I spotted this Hebrew genome on the side of a van advertising air conditioning services outside a tapas restaurant in Chelsea, New York City. I won't lie; it warmed my heart. There's a certain magic in witnessing that hybrid of business and personal belief painted on the side of an otherwise nondescript white van. A different approach from the Christians who lined Bourbon Street in New Orleans, passing out literature on how to save your soul printed on what looked deceptively like drink tickets. But both actions sum up an essentially American experience: the freedom of expression, hidden in the guise of a business enterprise.

Williamsburg is evenly split between Hasidic Jews, Puerto Ricans and Dominicans, and bonafide, tight-pants-wearing, fixie-riding hipsters. I couldn't help remembering the cheer of "There are NO CATS in AMERICA" from Fieval Goes West, wondering if each one of these disparate groups came to New York with a different city in mind.

On the way home, we crossed Nevada from Zion National Park en route to Yosemite. Bathrooms are few and far between on Nevada freeways, and so we were grateful to find a rest stop in a tiny, seemingly nameless town. The building was oddly familiar, and a memory came to me as we drove past the saloon doors to its other entrance, one advertising cherries and women. I'd been here before as an eight year old girl on a family trip, desperate for the bathroom. The door to the restaurant was locked, and so I walked around to the other little building, where fancy looking people waved from the windows. I had just reached for the door handle when my father pulled me back to the car.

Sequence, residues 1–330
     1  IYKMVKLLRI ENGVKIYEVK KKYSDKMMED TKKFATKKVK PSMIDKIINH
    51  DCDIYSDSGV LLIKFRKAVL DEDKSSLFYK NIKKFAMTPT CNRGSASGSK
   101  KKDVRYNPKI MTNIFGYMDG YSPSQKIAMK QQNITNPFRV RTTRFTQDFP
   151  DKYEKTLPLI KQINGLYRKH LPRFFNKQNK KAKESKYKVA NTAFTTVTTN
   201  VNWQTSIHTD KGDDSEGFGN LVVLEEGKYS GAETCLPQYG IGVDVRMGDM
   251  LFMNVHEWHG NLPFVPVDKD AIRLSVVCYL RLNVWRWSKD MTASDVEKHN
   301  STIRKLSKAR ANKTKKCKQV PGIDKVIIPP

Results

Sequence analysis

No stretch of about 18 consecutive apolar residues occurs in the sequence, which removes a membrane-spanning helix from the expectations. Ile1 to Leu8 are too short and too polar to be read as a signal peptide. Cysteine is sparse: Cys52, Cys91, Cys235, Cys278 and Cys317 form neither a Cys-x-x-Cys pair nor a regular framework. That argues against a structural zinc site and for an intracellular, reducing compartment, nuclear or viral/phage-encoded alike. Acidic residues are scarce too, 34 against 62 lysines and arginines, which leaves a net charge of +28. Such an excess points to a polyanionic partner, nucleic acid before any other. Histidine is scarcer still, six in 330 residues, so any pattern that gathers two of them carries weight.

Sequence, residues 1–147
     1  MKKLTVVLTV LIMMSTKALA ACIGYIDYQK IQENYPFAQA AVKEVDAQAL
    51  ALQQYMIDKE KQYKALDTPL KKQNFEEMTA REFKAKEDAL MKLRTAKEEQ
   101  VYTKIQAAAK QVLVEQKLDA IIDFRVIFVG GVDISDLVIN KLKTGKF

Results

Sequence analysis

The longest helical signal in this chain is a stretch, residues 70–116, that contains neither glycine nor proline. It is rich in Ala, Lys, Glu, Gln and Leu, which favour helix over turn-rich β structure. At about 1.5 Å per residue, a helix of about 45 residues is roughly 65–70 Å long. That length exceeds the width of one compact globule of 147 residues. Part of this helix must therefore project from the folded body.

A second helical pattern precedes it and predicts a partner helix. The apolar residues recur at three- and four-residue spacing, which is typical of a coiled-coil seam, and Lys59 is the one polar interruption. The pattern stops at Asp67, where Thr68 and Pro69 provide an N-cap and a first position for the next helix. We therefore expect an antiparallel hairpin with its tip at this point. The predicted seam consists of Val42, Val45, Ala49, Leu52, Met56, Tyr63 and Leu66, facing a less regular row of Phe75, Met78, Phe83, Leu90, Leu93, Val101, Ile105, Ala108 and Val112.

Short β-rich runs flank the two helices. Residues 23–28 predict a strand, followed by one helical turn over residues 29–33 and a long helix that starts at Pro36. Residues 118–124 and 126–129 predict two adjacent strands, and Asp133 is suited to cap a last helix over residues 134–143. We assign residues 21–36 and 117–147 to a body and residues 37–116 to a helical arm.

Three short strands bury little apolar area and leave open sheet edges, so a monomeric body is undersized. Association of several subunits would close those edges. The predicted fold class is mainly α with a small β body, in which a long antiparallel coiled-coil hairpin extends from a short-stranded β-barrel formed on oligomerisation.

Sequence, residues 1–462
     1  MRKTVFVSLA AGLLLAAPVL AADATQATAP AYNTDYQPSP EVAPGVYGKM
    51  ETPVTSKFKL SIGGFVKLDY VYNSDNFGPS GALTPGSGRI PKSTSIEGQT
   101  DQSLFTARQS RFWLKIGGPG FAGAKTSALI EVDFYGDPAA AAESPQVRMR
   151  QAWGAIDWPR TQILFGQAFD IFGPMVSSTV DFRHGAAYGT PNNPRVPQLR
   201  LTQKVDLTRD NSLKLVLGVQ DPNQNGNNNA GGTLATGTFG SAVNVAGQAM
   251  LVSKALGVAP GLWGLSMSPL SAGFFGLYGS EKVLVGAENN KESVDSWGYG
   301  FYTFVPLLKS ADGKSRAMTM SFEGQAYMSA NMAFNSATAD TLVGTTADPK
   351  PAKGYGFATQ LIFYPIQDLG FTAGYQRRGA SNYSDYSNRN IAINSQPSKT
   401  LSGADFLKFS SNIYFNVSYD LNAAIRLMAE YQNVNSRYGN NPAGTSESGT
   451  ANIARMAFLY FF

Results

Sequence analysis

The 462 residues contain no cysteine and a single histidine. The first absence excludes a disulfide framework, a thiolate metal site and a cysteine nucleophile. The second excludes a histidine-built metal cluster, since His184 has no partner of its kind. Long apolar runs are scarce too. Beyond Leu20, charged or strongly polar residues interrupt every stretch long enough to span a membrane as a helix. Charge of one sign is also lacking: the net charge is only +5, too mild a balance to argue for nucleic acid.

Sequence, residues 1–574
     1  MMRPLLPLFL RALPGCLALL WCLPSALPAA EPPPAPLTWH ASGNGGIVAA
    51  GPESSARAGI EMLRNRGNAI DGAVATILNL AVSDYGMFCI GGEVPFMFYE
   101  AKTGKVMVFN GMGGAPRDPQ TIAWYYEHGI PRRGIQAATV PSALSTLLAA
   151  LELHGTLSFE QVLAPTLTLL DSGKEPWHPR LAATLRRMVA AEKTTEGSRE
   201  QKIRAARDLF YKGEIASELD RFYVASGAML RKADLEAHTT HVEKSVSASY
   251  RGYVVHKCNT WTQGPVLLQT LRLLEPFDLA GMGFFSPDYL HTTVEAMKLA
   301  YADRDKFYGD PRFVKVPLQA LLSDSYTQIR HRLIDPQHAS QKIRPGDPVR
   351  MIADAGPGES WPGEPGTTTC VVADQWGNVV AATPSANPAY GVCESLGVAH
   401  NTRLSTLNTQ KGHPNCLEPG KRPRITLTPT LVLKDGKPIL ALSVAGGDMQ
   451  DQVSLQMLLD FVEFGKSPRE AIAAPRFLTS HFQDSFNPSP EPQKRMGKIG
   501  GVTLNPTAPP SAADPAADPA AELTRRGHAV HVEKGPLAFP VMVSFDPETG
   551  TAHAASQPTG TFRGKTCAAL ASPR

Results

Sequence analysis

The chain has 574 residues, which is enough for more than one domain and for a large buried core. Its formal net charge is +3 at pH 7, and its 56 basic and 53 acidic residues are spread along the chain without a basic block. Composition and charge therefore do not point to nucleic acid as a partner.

"Julia, you can't go in there," he said.

"I've got to pee!" I wailed.

"Squat by the car," he said. "Nobody'll look."

Confused, but with no other option, I acquiesced, and it wasn't until we'd driven another sixty or seventy miles til my parents agreed to tell me why I couldn't just use the bathroom with the pretty ladies in it.